Islamic calligraphy

Islamic calligraphy

A page of a 12th century Qur'an written in the Andalusi script
A page of a 12th century Qur'an written in the Andalusi script
Islamic calligraphy (calligraphy in Arabic is Khatt ul-Yad ) has evolved alongside the religion of Islam and the Arabic language. As it is based on Arabic letters, some call it "Arabic calligraphy". However the term "Islamic calligraphy" is a more appropriate term as it comprises all works of calligraphy by the Muslim calligraphers from Morocco to China.

Islamic calligraphy is associated with geometric Islamic art (arabesque) on the walls and ceilings of mosques as well as on the page. Contemporary artists in the Islamic world draw on the heritage of calligraphy to use calligraphic inscriptions or abstractions.

Instead of recalling something related to the spoken word, calligraphy for Muslims is a visible expression of the highest art of all, the art of the spiritual world. Calligraphy has arguably become the most venerated form of Islamic art because it provides a link between the languages of the Muslims with the religion of Islam. The holy book of Islam, al-Qur'an, has played an important role in the development and evolution of the Arabic language, and by extension, calligraphy in the Arabic alphabet. Proverbs and passages from the Qur'an are still sources for Islamic calligraphy.

It is generally accepted that Islamic calligraphy excelled during the Ottoman era. Turkish calligraphers still present the most refined and creative works. Istanbul is an open exhibition hall for all kinds and varieties of calligraphy, from inscriptions in mosques to fountains, schools, houses, etc.

Persian calligraphy

Example showing Nastaliq's proportional rules
Example showing Nastaliq's proportional rules
Shikasta Nasta l q
Shikasta Nasta l q

Persian calligraphy is the calligraphy of Persian writing system. The history of calligraphy in Persia dates back to the pre-Islam era. In Zoroastrianism beautiful and clear writings were always praised.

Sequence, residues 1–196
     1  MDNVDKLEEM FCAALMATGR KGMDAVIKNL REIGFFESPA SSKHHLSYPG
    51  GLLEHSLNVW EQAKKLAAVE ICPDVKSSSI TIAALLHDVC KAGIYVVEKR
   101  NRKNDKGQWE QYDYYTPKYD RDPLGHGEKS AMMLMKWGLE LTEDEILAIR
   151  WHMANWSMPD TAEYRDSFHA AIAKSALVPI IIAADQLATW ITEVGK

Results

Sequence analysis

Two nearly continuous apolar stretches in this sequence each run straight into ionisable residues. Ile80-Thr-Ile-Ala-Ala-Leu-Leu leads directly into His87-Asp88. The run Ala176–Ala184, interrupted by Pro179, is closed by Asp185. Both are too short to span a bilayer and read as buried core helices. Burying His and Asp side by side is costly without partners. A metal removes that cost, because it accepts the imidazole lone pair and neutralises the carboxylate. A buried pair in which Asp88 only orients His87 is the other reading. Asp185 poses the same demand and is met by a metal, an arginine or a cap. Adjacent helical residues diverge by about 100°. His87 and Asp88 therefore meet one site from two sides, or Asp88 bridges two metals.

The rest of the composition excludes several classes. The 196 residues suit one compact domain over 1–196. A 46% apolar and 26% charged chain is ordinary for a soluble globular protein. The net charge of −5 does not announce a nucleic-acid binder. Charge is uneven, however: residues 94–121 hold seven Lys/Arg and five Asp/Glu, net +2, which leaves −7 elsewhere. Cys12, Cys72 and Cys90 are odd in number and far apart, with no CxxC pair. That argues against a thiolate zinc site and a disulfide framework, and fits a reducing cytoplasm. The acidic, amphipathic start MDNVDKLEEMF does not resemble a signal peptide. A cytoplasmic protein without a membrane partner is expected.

History and evolution

It is believed that ancient Persian script was invented by about 600-500 BC to provide monument inscriptions for the Achaemenid kings. These scripts consisted of horizontal, vertical, and diagonal nail-shape letters and that is the reason in Persian it is called "Script of Nails/Cuneiform Script" (Khat-e-Mikhi). Centuries later, other scripts such as "Pahlavi" and "Avestan" scripts were used in ancient Persia.

After the Arab conquest in the 7th century, Persians adapted the Arabic alphabet to fit the Persian language and developed a contemporary Persian alphabet. The Arabic alphabet has 28 characters to which Iranians added another four letters for it to fit the sounds and letters of the Persian language that do not exist in Arabic.

Contemporary scripts

"Nasta'liq" is the most popular contemporary style among classical Persian calligraphy scripts and Persian calligraphers call it "Bride of the Calligraphy Scripts". This calligraphy style has been based on such a strong structure that it has changed very little since. Mir Ali Tabrizi had found the optimum composition of the letters and graphical rules so it has just been fine-tuned during the past seven centuries. It has very strict rules for graphical shape of the letters and for combination of the letters, words, and composition of the whole calligraphy piece.

Other isolated calligraphies

Mayan Glyphs

A leaflet of the Dresden Codex written in the Mayan Script on a type of paper called amatl. The Dresden Codex is one of only a few examples of Maya Calligraphy to escape the destruction of the Spanish Conquistadores and survive to the present day.
A leaflet of the Dresden Codex written in the Mayan Script on a type of paper called amatl. The Dresden Codex is one of only a few examples of Maya Calligraphy to escape the destruction of the Spanish Conquistadores and survive to the present day.